Jewish Daily Life in Germany, 1618-1945

By Marion A. Kaplan | Go to book overview

9
Education

Between 1780 and 1850 a revolution took place in the educational profile of German Jewry. In place of traditional schools, increasing numbers of Jewish children attended government schools or entered a new kind of Jewish school that taught secular subjects in the German language. New institutions did not displace the old system overnight. During most of the early nineteenth century, private tutors, old-fashioned hadarim (one-room traditional schools), new-style Jewish schools, and general "Christian" schools competed for Jewish pupils.

In 1780 the vast majority of Jews in Germany could not read or write German script.1 Until about age 13, most boys studied only Jewish texts, which they read in Hebrew and Aramaic and translated into the vernacular Western Yiddish. A small number continued to study during their teenage years at a more advanced yeshivah. Traditional education took place either in private schools, usually at the home of the teacher (hadarim in Hebrew, pejoratively referred to as Winkelschulen "petty schools" in government documents) or through private tutors. Girls, though not totally excluded from elementary education, were generally taught texts (never Talmud) in Yiddish adaptations rather than in the Hebrew original and often attended school for fewer years than boys.2

Despite its limitations, the level of education of most Jews at the beginning of the nineteenth century compared favorably with that of much of the German population, especially in rural areas. Literacy rates of men and women, urban and rural Jews differed sharply. Eighty-five percent of Jewish men, but only 14 percent of women, in the area around Trier in 1808 could sign in some manner. In the city of Trier 63 percent of the men signed in German and 29 percent in Hebrew letters, while in the villages only 29 percent of the men signed in German and 54 percent in Hebrew. Women signed mainly in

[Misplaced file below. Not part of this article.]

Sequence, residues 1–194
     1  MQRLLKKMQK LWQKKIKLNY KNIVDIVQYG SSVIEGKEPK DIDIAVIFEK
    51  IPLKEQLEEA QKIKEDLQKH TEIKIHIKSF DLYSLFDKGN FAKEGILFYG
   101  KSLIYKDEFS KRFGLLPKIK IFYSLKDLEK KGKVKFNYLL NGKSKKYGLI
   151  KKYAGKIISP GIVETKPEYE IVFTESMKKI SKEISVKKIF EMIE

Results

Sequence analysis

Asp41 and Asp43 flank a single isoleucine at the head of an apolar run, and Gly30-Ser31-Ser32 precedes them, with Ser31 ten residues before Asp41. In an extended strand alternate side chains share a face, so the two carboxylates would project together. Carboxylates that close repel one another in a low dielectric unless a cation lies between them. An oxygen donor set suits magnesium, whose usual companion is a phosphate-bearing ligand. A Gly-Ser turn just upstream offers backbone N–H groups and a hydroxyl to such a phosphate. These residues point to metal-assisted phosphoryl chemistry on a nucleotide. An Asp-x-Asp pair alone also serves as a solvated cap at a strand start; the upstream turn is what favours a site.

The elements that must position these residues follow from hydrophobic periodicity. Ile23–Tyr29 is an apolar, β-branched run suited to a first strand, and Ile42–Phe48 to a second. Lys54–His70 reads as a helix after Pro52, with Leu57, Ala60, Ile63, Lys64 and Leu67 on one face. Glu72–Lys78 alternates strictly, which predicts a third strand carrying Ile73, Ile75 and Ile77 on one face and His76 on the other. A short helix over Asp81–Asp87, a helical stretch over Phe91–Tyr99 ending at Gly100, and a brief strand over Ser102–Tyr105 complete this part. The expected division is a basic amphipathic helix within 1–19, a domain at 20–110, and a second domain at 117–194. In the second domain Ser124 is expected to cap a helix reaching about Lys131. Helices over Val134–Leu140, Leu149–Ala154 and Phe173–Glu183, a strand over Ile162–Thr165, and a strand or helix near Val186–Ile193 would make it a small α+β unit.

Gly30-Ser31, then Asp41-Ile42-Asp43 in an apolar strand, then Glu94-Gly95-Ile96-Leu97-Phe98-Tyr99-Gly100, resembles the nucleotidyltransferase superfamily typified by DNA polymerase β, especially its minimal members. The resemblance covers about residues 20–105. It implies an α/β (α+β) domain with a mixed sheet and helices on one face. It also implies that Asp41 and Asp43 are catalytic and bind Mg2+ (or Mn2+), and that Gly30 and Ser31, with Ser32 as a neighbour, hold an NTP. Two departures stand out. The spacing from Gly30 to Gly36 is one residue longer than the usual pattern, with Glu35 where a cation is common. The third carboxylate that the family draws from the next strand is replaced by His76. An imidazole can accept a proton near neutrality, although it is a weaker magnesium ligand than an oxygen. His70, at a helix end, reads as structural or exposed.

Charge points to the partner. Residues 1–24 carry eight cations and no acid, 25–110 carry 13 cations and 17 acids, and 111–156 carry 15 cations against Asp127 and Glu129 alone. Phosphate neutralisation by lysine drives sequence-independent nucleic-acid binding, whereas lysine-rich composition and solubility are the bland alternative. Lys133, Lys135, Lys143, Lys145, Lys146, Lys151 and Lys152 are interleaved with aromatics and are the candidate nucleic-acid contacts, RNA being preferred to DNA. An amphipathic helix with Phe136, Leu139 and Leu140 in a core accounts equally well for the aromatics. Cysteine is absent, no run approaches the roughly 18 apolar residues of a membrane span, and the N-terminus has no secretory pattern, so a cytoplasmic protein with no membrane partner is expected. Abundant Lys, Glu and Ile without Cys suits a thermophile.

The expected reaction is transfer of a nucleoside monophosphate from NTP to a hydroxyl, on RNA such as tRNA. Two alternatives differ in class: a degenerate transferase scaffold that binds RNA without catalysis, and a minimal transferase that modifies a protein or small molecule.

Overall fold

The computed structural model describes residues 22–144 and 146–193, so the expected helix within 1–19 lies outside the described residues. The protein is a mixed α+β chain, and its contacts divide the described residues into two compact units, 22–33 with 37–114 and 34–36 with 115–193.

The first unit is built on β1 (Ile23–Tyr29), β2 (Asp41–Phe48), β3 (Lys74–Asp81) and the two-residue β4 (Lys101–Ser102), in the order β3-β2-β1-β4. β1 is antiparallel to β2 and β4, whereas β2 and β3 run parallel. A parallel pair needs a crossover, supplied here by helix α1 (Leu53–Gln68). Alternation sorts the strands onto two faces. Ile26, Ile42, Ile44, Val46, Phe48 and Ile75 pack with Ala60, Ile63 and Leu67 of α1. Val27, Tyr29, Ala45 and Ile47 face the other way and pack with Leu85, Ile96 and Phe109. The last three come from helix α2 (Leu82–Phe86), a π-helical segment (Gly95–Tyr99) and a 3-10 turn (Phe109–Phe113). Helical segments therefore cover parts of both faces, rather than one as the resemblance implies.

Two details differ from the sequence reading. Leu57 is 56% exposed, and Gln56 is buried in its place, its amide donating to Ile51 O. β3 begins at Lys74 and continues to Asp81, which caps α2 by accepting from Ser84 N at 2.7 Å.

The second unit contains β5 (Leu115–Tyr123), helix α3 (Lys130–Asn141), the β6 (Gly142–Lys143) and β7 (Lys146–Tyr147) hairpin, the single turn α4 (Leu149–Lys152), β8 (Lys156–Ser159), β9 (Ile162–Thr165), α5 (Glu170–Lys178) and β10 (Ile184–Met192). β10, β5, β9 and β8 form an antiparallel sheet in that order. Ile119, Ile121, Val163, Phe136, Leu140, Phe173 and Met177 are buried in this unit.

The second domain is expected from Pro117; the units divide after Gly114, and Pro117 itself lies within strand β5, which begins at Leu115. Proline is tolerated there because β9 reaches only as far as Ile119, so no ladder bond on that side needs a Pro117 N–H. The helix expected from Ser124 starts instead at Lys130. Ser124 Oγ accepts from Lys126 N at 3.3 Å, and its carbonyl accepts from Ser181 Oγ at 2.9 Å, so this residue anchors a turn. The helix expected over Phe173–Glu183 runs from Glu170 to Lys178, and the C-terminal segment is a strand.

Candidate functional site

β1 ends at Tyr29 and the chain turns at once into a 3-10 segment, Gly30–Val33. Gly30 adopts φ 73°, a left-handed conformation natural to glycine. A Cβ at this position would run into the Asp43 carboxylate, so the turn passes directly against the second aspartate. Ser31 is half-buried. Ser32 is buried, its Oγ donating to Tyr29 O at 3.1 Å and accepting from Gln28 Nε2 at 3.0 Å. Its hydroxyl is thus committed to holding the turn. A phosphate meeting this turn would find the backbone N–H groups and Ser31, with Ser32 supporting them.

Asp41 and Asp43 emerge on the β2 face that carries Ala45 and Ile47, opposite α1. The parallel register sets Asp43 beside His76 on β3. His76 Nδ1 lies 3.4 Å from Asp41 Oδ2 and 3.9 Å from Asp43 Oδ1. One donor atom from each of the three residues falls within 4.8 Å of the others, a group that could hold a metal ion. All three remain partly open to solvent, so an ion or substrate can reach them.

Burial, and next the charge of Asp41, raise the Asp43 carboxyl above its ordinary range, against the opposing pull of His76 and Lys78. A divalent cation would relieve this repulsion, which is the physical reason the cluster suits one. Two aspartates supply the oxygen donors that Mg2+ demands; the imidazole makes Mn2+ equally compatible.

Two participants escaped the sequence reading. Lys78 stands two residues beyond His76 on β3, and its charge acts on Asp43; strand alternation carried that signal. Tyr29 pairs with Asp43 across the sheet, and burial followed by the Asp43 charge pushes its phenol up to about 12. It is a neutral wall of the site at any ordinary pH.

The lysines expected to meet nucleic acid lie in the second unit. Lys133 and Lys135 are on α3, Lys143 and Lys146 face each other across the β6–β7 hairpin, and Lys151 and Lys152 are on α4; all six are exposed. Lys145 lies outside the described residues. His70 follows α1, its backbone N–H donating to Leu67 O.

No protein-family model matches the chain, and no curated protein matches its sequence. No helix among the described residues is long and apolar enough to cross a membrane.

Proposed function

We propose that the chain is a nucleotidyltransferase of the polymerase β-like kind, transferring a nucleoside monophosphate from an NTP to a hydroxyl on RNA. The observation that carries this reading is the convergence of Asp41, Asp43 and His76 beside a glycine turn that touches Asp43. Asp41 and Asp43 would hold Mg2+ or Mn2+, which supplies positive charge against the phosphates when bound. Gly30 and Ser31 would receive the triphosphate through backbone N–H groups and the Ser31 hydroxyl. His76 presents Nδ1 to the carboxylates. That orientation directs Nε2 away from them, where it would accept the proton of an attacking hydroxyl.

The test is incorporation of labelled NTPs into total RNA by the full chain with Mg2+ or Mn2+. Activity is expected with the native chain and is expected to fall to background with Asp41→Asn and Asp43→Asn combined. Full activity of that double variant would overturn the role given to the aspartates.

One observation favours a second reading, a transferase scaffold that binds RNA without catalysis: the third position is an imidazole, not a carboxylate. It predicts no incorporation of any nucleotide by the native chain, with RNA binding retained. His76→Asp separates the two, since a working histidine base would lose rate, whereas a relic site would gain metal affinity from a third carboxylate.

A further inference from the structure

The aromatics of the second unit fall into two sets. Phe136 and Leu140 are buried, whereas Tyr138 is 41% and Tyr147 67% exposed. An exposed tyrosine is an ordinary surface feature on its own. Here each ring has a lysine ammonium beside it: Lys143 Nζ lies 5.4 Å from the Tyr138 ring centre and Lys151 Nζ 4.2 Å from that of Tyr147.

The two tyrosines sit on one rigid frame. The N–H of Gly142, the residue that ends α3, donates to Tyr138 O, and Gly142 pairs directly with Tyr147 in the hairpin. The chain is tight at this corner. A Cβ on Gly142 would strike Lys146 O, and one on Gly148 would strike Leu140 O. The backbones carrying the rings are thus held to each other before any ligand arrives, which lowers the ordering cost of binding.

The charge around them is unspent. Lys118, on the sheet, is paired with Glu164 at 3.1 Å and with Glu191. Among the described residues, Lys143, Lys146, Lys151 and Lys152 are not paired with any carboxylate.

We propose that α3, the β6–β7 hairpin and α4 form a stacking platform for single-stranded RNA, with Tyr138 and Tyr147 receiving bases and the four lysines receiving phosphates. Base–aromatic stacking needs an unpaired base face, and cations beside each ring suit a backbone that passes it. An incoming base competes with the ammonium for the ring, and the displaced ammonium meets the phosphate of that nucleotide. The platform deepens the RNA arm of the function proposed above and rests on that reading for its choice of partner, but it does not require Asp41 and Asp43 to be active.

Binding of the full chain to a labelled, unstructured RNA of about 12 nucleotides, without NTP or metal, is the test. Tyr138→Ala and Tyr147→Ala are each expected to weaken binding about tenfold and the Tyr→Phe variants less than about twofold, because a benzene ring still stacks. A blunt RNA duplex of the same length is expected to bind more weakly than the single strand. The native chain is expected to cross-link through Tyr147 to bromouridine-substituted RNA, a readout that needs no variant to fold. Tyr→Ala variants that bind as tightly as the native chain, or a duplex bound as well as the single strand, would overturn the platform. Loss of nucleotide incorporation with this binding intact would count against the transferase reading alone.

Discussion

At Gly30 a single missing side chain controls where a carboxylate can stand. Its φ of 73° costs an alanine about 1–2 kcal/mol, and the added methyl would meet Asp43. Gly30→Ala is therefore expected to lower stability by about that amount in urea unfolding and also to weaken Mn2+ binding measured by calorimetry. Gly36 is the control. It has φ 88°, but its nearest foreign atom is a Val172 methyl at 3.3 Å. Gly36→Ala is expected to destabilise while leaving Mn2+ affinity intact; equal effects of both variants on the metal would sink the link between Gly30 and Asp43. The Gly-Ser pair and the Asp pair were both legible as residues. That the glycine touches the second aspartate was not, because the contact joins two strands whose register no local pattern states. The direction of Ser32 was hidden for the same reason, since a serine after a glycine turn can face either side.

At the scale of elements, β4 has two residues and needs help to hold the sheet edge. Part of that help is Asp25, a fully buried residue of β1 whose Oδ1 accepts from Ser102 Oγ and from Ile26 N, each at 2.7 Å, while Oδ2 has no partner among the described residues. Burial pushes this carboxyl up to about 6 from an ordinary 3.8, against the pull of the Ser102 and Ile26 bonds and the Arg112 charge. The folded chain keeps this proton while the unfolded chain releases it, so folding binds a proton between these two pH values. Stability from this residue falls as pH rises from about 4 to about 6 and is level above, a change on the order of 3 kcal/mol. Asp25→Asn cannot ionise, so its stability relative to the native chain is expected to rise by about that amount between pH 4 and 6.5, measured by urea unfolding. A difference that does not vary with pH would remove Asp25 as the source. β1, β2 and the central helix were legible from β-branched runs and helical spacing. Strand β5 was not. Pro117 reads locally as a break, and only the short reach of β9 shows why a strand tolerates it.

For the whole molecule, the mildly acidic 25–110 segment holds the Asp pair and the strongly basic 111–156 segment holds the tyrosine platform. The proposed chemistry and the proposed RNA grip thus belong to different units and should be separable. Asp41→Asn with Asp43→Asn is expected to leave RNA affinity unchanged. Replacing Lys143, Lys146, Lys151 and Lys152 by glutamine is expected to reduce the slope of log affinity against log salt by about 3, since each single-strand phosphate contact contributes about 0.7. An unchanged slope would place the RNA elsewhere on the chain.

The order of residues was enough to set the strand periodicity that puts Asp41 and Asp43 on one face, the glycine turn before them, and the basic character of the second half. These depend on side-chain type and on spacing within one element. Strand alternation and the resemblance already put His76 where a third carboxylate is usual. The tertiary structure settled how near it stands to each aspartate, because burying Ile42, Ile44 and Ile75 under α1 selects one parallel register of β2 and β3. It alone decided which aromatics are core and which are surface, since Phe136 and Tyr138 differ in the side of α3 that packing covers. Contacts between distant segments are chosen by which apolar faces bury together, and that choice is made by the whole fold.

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Jewish Daily Life in Germany, 1618-1945
Table of contents

Table of contents

  • Jewish Daily Life in Germany, 1618-1945 iii
  • Acknowledgments v
  • Contents vii
  • English Glossary ix
  • Title Page 1
  • Introduction: Marion A. Kaplan 3
  • Part I: On the Threshold of Modernity 9
  • 1: The Environment of Jewish Life 11
  • 2: Family Life 24
  • 3: Childhood and Education 41
  • 4: Economic Life 54
  • 5: Religious and Communal Life 70
  • 6: Social Relations 84
  • Part II: The Beginning of Integration 93
  • 7: Jewish Residential Patterns 95
  • 8: Family Life 107
  • 9: Education 118
  • 10: Economic Life 130
  • 11: Religious Practice and Mentality 144
  • 12: German Jews and Their German Jews and Their 159
  • Part III: As Germans and as Jews in Imperial Germany 173
  • 13: Surroundings 175
  • 14: Family 182
  • 15: Education 201
  • 16: Work 215
  • 17: Religious Practices, Mentalities,And Community 235
  • 18: Social Life 252
  • Part IV: From Everyday Life to a State of Emergency 271
  • 19: Housing and Housekeeping 273
  • 20: Family Life 283
  • 21: Education and Vocational Training 291
  • 22: Career and Employment 306
  • 23: Religious Practice in the Synagogue and at Home 323
  • 24: Leisure Time and Social Life 333
  • 25: Constricting and Extinguishing Jewish Life 346
  • Conclusion 375
  • Notes 387
  • Bibliography 477
  • Index 507
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